If we can link biodiversity to the spiritual aspect, things will change.

Michael Kapo  Papua New Guinea


Ruth Lilongula   Solomon Islands

In the past we saw spirits in every tree. But now, with Christianity coming in, things are changing. It was easy for we Solomon Islanders to accept Christianity because we believe that God lives everywhere. It was just that we had different names for such things in the past.

God lives on the trees and there are times, if you are close to something like that, you can specifically call a shouting tree or a hunting tree. You can go in and give Him everything in your praise. Whenever you are there, you feel good about things, and as you come home, you stop by a small stream or waterfall and wash.

You learn what trees to take and what not to take for medicines. We believe that you have to go and ask the tree first. If they say yes, you take the medicine, but if they say no, then you do not. They could direct you to another tree which is O.K. to use. You don’t take any others.


Juan Vargas, Rodolfo Mayorga, Carmen Leiva, Aníbal Morales, Gloria Moyorga, Juanita Sánchez, Eustacia Palacios, Catalina Morales Costa Rica

When Sibö decided to create this world, the Earth, the first people he made were the indigenous people. He walked among our first ancestors here in Talamanca, and he told them many things. He told them for example, how he made the earth and the sea, how he brought the first animals to the Earth, and how he planted the first trees. He also gave certain laws to us and told us how we will be punished if we fail to obey them. He taught us how we should live with all things on Earth.

He made white people in the day. That is why they are more scientific. He gave them the intelligence to do many things that the indigenous people can’t do. White people make cars, planes, boats, money; they make many things. But Sibö only taught the indigenous people to plant, to raise animals, and to hunt and fish.

The origin of the white people is a relative of Sibö called PlékeköL, which means the King of the Leaf-cutter Ants. Just look at the leaf-cutter ants, how they all work together cleaning all the land around their nests. Where the leaf-cutter ants live, all the vegetation is gone because they cut every last leaf and take it back to their big nests.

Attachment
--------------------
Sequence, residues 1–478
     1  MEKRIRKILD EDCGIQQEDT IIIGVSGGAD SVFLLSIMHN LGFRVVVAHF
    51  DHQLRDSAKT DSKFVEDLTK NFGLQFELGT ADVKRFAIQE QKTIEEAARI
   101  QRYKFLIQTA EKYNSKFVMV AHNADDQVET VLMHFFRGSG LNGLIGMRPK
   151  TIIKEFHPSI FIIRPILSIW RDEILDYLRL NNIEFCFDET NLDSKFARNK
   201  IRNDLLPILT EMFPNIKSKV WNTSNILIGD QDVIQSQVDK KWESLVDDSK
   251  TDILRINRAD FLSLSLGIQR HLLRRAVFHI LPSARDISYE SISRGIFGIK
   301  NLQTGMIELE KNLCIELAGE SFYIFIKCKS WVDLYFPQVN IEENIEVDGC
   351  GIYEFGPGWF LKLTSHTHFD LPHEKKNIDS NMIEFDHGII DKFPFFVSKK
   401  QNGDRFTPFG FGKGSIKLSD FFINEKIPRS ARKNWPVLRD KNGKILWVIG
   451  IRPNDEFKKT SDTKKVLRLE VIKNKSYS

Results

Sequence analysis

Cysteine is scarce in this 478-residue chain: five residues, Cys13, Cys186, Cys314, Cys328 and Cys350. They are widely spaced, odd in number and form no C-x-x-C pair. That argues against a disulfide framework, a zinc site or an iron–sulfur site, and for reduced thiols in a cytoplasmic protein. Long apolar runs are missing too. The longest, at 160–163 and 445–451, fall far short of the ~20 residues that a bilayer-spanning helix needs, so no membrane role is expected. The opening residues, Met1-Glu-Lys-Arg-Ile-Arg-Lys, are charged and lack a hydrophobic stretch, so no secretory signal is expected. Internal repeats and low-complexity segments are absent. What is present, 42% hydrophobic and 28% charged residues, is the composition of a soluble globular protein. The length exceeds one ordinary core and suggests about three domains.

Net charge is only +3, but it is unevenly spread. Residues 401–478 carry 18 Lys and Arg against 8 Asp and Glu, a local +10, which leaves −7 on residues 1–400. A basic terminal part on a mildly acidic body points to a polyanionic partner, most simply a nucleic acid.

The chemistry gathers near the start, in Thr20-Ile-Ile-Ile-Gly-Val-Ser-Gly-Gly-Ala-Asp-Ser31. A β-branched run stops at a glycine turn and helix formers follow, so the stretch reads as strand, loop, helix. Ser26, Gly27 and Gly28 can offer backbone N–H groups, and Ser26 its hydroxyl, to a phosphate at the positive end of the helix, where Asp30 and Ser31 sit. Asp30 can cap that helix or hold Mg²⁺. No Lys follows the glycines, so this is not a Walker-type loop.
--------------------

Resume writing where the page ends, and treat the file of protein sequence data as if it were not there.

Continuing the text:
That is how the white man is. He works very hard, but he destroys nature. The white man cuts down everything that is green, and where he lives there are no trees, no rivers, no animals. On the other hand, the indigenous people don’t work so hard. We plant corn, raise animals and live in the forest. We don’t like to destroy nature, we like to live in nature.


Johan Mathis Turi  Saami people, Norway

All peoples living like the Saami, linked to nature as reindeer herders, have spiritual contact. We live adoring nature and then it becomes sacred.

There is a necessity to please nature so that it gives to you. You have to be kind to nature so that nature will give you more. You have to be friends with the environment, otherwise it won’t work in cooperation with you on whatever you call the spiritual.


Pera  Bakalaharil people, Botswana

All of the things that are here, the tubers, plants, trees and wildlife, whatever, are God-given. To put a value on them is difficult. The money-teller would be very little interested. What is equivalent to the biodiversity here, to the things that surround us, is my life. If you took these things away, it would be like taking part of my life, and then my survival would be questionable.

source: http://www.ourplanet.com/imgversn/105/voices.html 5feb01


Cultural and Spiritual Values of Biodiversity (softback: $56.00; hardback $105.00) is available from:
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Complementary articles in other issues: Issue on Culture, Values and the Environment 1996
Vaasiliifiti Moelagi Jackson: Water is everything (Water) 1996
Metropolitan John of Pergamon: Ecological asceticism (Production and Consumption) 1996